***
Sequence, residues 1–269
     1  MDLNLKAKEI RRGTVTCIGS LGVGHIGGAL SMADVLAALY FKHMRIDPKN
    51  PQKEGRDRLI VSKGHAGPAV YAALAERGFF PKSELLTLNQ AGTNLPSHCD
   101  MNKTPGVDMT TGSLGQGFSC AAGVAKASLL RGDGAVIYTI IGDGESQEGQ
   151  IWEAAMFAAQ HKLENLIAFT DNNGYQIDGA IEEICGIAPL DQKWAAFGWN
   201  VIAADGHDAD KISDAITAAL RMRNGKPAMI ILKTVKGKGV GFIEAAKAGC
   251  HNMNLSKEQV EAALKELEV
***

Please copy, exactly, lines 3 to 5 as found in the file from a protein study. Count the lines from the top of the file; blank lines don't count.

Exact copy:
    51  PQKEGRDRLI VSKGHAGPAV YAALAERGFF PKSELLTLNQ AGTNLPSHCD
   101  MNKTPGVDMT TGSLGQGFSC AAGVAKASLL RGDGAVIYTI IGDGESQEGQ
   151  IWEAAMFAAQ HKLENLIAFT DNNGYQIDGA IEEICGIAPL DQKWAAFGWN